I finally made it back to my quilting group, Vintage Stitchers. We met at Diane's She had this lovely quilt on the wall, "Good Night, Irene," I think, although she may have tweaked it.
Carol had this yummy quilt top finished. She said it lay around a long time, hibernating.
She's happy to have finished it. She also got out these paper-pieced bird blocks, which had also been in hibernation.
They weren't originally supposed to be paper-pieced, but she converted the pattern. Then she didn't like the process. The blocks are fun, though. It will also be fun to see what she does with them.
Brenda has been doing some machine embroidery and machine appliqué.
Marilyn, our other hard-core machine-embroidery expert had finished this kitchen towel. Just in time for Halloween.
She also had been working on potholders. I believe these will be gifts.
Diane brought out a weaving project she made some time ago, when she still had space for her floor loom: a waffle-weave plaid table runner.
Janet has become quite the knitter.
I have shown this before, but now it's done. It's a design by Kirsten Kapur, whose group is called "Through the Loops." The pattern is "Fugue in Mosaic Minor," a little play on the fact that it has two bands of mosaic knitting (the colorwork sections). It wasn't that long ago when I remember Janet saying, "I'm not really a knitter." She has certainly turned into one, although she still spends a lot of time quilting.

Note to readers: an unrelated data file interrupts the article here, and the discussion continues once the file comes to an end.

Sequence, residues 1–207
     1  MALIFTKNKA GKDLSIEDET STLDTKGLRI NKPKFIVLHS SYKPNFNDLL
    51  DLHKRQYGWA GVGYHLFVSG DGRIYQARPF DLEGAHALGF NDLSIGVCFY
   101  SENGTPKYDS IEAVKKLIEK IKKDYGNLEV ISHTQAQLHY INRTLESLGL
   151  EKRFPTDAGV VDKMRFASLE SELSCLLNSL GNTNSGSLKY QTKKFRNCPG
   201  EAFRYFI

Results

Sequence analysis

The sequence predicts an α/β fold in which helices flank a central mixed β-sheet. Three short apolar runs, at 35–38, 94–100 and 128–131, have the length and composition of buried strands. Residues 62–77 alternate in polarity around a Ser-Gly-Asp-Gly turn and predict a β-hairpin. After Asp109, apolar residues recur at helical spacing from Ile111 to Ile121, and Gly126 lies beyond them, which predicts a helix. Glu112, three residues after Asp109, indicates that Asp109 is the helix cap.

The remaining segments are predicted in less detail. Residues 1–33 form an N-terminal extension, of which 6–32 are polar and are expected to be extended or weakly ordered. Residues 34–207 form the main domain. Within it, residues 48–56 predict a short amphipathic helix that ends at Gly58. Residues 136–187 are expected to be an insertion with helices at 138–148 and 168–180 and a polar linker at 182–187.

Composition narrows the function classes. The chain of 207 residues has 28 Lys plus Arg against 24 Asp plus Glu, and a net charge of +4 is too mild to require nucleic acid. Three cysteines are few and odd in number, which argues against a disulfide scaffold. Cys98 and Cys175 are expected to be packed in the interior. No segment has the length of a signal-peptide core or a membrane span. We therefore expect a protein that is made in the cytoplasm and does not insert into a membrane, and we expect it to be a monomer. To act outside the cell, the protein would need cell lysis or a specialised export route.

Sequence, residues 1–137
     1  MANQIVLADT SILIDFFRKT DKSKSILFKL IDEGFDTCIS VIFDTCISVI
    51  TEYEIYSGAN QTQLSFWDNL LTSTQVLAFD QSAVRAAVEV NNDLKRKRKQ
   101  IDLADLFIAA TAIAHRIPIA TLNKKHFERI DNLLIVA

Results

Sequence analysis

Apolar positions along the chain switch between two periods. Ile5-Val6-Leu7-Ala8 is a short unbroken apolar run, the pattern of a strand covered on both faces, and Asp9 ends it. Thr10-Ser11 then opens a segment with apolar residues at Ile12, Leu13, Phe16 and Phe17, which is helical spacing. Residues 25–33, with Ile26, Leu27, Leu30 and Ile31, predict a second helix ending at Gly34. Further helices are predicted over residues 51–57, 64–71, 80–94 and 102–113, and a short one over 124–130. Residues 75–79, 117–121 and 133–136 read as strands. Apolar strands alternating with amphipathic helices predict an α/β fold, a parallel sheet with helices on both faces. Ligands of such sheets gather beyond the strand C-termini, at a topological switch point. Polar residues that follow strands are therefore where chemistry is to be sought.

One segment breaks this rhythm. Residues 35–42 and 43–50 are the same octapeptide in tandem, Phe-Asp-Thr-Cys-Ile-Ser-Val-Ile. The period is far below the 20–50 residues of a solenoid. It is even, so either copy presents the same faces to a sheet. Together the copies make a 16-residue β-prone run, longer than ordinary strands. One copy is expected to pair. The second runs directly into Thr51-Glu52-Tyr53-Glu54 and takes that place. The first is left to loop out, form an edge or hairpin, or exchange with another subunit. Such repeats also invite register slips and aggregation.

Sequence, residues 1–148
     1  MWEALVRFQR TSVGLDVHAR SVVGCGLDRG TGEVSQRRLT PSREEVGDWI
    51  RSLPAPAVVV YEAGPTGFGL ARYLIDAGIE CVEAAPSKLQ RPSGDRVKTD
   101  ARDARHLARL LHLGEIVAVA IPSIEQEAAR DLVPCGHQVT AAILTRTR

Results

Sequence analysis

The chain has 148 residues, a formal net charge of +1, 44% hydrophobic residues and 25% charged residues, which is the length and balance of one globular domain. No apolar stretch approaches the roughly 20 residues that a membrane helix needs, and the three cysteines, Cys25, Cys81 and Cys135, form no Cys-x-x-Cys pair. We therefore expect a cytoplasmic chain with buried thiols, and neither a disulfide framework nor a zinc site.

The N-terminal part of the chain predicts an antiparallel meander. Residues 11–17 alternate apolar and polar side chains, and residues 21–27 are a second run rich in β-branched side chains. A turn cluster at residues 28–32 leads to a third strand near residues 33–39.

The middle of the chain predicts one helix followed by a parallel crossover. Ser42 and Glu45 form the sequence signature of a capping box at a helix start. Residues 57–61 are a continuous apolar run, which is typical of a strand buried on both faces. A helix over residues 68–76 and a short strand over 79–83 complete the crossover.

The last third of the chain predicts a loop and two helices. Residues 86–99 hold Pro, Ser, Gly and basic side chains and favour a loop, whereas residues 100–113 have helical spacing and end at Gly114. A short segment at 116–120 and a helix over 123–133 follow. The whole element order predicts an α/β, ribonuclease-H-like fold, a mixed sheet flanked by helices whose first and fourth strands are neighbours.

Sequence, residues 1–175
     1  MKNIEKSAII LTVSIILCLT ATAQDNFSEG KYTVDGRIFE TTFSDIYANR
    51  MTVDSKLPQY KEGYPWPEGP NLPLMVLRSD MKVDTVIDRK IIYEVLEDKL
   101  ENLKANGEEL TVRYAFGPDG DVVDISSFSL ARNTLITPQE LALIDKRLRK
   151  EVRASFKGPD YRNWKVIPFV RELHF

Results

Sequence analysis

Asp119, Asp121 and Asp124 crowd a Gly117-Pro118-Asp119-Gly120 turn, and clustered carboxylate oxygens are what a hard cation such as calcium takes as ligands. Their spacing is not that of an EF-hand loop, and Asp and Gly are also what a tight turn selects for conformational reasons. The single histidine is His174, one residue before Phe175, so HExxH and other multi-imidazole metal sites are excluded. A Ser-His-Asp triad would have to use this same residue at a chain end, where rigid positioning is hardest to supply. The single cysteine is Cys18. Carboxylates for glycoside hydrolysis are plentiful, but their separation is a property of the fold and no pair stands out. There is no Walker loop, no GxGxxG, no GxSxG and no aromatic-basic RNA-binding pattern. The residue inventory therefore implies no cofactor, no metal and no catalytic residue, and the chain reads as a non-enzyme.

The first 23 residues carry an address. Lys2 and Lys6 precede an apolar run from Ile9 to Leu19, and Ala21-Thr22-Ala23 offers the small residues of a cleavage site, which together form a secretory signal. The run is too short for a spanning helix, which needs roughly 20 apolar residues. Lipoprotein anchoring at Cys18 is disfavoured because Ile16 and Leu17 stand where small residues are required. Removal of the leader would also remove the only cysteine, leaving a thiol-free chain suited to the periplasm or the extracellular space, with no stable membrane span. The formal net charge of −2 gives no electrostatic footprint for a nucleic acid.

Two interesting things came up at this last meeting. One was that a member said she was disappointed in the quilting job she paid someone to do. She was so disappointed she was thinking of picking out the quilting. (If you're a quilter, you will know what a job that would be.) It was supposed to be a gift for someone special in her life, and she didn't know how she could give it to this loved one.
Technically, the quilting was fine, but she didn't like that the thread used in the light parts of the quilt was darker than the background. There were some other issues, too, but all having to do with a matter of taste. We all had a look. While some said they would have preferred a thread that wasn't as obvious, most of us liked it, as the quilt had sort of a modern feel to it, and the quilting design and thread suited it. Someone pointed out that she may only be unhappy because she was anticipating a different look to it. Often we're disappointed if things aren't the way we expected them to be. I think she was starting to feel better about it when our meeting broke up.
The other interesting thing: One of the older members of the group said that she never liked to play bridge, but when she was younger her mother kept trying to get her to learn. The mother kept telling her, "When you get old, if you don't play bridge, you won't have anything to do nor will you have any friends." We all had a good laugh over that one. I never could understand the point of bridge...or golf.
You may remember from last week's blog post that we are "expecting" a new arrival in the post: Charlotte Anne (Lotte, a Götz doll called "Anna in Paris). The "girls" and I have been putting together a starter wardrobe for when she arrives, any day now. I had already made a dress for her. I made her coat next, because it's already getting cold here, and it makes me feel cold if I look around and see scantily clad dolls. Her meet outfit is a pink knitted dress. I thought this green would look good with it. The pattern is Jacknitss Coatigan Set. Mandy consented to model. (Did she really have a choice?) I added some length to the sleeves, because these girls have longer arms.
You can see the neckline is rather low to keep her neck warm. She could wear a scarf, but the pink dress has a turtleneck, so it should work fine with this coat. If she wants to wear pants, though, she needs a turtleneck sweater if she's going to run and play. I decided to make her one. But first, I needed to finish the hat that goes with the coat.